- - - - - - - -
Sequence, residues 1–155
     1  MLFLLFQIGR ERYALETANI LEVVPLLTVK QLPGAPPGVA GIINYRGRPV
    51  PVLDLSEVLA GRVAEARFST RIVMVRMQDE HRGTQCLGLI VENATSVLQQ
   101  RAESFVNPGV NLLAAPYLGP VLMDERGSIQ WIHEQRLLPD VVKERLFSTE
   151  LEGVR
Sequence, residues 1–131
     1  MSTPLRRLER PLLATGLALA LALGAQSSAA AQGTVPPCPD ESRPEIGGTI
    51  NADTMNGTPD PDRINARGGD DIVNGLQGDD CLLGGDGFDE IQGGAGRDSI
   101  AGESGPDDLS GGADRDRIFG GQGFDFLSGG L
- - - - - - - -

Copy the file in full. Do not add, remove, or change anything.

Sequence, residues 1–155
     1  MLFLLFQIGR ERYALETANI LEVVPLLTVK QLPGAPPGVA GIINYRGRPV
    51  PVLDLSEVLA GRVAEARFST RIVMVRMQDE HRGTQCLGLI VENATSVLQQ
   101  RAESFVNPGV NLLAAPYLGP VLMDERGSIQ WIHEQRLLPD VVKERLFSTE
   151  LEGVR
Sequence, residues 1–131
     1  MSTPLRRLER PLLATGLALA LALGAQSSAA AQGTVPPCPD ESRPEIGGTI
    51  NADTMNGTPD PDRINARGGD DIVNGLQGDD CLLGGDGFDE IQGGAGRDSI
   101  AGESGPDDLS GGADRDRIFG GQGFDFLSGG L